9. Make adjustments if necessary. Wait until the end of the mixing process before making any adjustments. Only then will you know if you need to make them. If the clay is too dry, use a spray bottle to slowly add a bit more water, distributing the water evenly. If the clay is too wet, let it air dry until it reaches the consistency you desire. Make notations so you can adjust appropriately next time. Place the clay body in a plastic container. If possible let the mixture rest for a week or so before using it. This aging allows the bacteria in the clay body to multiply. These bacteria are not harmful—in fact they encourage a workable clay body. Clay bodies which have aged are usually much more plastic than ones that have not.
Note: Mixing clay inevitably involves creating a considerable amount of dust, as clay particles are some of the smallest particles known to man and stay airborne for up to 48 hours. Use ventilation or respiratory precautions.
Mixing Clay – Medium to Large Batches (100 to 200 pounds)
Mixing larger batches of clay is a physically demanding activity often requiring the moving of 50 pound bags of raw materials. It also requires a clay mixer which additionally necessitates following manufacturer safety precautions and employing respiratory protection. The mixing process described below is fairly quick and produces enough clay to last a while depending on your production level.
2. Mix the dry materials together so each material becomes dispersed evenly.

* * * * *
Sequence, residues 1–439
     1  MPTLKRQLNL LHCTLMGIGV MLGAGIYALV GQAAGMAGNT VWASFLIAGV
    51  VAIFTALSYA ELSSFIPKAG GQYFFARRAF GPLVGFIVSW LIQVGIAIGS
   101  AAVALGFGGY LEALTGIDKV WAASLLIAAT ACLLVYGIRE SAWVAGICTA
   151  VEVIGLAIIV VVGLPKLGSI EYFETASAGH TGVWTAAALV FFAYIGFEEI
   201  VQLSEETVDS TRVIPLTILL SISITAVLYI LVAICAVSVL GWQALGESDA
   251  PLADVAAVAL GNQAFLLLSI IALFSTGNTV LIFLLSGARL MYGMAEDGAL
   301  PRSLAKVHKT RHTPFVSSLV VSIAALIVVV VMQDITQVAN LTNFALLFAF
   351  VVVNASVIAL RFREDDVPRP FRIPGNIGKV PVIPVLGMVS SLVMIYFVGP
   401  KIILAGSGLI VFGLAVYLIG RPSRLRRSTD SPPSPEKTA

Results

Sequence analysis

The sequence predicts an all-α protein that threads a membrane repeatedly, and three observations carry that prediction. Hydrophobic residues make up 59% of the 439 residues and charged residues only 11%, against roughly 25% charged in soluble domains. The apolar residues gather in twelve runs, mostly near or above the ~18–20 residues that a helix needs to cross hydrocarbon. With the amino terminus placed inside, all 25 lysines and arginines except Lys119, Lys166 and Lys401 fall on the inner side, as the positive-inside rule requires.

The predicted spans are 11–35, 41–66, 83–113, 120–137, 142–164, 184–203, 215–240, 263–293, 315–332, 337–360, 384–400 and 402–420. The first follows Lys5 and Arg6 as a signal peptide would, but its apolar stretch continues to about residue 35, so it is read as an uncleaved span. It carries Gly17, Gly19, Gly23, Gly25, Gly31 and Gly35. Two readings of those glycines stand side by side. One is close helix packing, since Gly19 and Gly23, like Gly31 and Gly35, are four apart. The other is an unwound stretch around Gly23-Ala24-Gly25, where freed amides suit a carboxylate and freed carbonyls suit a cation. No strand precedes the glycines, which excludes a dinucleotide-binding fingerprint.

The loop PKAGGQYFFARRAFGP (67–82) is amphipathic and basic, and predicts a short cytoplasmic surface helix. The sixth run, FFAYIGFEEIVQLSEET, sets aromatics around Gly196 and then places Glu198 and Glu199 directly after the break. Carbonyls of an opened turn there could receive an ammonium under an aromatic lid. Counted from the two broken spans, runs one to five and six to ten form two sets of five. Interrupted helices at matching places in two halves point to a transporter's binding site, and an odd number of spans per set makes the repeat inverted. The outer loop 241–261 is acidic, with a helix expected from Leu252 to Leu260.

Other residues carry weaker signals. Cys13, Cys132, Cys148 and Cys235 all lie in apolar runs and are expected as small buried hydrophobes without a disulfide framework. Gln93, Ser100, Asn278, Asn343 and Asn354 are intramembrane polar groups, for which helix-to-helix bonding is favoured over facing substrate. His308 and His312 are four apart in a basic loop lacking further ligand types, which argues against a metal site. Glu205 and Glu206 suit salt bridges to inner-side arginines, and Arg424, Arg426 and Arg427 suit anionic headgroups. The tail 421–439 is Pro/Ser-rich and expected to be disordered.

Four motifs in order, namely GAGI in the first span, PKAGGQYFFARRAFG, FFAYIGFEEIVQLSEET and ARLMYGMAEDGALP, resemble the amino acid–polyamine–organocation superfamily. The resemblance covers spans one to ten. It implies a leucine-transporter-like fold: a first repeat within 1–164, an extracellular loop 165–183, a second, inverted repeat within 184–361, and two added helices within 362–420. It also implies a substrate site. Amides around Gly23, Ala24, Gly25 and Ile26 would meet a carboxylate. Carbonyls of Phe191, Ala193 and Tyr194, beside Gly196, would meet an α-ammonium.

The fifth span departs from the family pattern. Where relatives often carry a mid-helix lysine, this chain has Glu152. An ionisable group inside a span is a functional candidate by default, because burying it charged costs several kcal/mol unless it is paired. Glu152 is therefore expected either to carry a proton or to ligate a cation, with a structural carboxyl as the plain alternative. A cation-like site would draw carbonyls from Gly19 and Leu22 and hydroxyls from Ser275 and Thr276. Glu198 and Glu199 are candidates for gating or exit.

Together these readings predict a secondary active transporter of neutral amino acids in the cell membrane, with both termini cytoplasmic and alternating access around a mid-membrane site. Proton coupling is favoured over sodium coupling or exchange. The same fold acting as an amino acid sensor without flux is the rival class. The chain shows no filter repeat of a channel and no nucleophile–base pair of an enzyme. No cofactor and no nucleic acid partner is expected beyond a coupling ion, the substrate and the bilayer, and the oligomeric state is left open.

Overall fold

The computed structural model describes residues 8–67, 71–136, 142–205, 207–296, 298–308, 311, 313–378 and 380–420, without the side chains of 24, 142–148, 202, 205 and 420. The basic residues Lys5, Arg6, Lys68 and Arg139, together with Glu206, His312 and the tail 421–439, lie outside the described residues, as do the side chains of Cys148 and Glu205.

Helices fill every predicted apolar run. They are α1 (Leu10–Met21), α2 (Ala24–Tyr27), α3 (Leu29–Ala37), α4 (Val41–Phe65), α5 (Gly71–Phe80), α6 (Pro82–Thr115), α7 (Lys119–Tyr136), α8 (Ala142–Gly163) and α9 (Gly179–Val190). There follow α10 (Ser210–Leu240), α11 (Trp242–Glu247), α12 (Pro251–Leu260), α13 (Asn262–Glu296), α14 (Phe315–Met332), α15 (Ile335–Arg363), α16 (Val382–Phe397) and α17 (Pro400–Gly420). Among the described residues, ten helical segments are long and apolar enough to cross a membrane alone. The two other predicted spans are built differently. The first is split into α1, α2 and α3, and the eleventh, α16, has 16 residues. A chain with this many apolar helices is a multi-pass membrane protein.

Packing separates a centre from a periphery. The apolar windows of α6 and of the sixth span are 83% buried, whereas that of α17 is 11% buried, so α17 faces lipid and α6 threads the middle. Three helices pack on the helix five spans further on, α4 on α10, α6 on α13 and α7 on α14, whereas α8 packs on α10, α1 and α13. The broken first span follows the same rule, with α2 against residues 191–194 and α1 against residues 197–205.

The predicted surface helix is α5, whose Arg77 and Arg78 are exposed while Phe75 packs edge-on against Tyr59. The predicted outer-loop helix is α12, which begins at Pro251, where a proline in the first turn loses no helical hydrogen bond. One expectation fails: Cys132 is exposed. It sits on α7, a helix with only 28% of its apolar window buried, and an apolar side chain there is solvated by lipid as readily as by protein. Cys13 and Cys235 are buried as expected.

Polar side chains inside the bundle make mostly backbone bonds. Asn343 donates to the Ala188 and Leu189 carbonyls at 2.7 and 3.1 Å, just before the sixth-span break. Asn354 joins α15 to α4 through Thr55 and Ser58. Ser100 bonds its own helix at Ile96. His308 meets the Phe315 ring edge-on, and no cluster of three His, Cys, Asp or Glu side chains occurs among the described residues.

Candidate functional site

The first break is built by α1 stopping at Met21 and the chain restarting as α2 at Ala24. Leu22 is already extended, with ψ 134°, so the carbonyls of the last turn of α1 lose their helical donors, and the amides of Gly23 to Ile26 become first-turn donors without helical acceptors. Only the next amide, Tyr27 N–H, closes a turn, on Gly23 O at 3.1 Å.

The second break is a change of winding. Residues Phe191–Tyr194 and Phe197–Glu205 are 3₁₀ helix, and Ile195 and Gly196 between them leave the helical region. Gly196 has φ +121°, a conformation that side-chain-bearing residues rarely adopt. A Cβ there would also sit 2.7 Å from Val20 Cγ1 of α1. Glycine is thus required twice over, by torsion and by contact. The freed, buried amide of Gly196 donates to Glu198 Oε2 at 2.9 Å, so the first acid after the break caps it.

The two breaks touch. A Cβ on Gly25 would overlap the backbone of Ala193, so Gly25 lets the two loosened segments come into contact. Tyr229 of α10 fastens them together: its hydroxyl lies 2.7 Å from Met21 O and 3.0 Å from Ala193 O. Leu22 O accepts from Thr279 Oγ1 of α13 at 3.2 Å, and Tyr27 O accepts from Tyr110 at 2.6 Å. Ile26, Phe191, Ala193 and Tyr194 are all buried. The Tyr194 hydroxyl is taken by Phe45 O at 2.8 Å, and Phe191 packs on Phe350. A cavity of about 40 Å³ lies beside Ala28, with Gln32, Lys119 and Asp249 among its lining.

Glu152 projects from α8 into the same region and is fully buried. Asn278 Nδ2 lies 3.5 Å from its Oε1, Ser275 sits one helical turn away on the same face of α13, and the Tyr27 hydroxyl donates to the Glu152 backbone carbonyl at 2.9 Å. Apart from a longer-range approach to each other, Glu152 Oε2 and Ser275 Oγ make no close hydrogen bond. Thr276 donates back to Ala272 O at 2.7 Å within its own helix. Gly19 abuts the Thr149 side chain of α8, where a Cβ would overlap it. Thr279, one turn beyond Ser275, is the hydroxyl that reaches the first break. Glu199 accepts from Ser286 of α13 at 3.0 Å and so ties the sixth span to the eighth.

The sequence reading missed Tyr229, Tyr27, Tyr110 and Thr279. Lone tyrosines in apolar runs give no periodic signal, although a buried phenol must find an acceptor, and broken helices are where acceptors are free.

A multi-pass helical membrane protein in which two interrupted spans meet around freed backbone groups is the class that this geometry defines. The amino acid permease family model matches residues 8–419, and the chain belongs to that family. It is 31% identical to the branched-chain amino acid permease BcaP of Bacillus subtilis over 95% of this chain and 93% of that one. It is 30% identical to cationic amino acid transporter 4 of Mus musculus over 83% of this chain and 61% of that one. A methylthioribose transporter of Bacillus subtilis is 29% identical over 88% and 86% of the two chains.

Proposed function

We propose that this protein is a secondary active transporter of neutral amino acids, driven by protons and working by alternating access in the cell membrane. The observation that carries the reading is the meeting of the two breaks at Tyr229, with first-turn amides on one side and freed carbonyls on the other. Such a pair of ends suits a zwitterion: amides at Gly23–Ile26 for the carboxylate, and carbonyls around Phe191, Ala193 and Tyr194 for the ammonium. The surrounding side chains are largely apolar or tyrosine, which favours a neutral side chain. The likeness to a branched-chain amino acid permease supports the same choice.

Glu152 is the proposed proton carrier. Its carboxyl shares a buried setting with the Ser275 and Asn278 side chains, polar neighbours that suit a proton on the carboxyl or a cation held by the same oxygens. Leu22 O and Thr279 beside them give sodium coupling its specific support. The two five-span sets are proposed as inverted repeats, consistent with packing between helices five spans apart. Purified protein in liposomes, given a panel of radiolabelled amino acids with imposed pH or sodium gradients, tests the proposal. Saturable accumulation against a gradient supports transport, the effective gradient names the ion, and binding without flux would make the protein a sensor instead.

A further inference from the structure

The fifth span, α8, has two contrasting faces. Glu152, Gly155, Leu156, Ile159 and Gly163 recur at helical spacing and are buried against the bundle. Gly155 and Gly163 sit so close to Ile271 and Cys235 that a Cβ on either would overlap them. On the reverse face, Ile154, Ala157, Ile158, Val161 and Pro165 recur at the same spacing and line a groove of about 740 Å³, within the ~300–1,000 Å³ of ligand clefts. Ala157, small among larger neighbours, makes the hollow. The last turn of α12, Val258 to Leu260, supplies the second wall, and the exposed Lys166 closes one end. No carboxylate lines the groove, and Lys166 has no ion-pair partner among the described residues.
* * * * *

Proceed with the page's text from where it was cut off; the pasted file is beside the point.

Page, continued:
3. Measure out your water and place it in your clay mixer. Through smaller batch testing you should know the exact amount of water needed. It should be about 30% (+/-5%) of the weight of the clay.
4. If it is possible to add dry material to your mixer while it is running then turn your clay mixer on. Otherwise you will need to add material to your mixer through turning it off, adding dry material, then turning the mixer back on again.
5. It is better to slowly add your dry mix to the water as opposed to adding all the dry mix at once. Slowly introducing the dry materials allows you to control the consistency. Depending on what you are intending to build with the clay you may want a wetter or dryer mixture.
6. Once you have used all your dry material and achieved the correct consistency allow the mixer to run for an additional 15–30 minutes. This will insure all the materials are thoroughly mixed.
8. Clean the clay mixer. This may be one of more time consuming parts of the mixing experience, but it is important to thoroughly clean the mixer so if you mix a different kind of clay next time the new body will not be contaminated in any way.
9. After using the clay take notations so you can adjust proportions of water to clay if needed next time.
Notes on mixing clay in large batches: Clay mixers can be dangerous if not used properly. Follow the manufacturer’s directions and never bypass safety switches or place yourself in close proximity to the mixer when it is running. If clay is too dry when mixing add water very slowly into the mix. Clay particles are so fine that they tend to absorb additional moisture in the first 24 hours after being mixed. For this reason I usually suggest mixing slightly on the wetter side knowing that the clay will stiffen up a bit after mixing.
**First published in 2016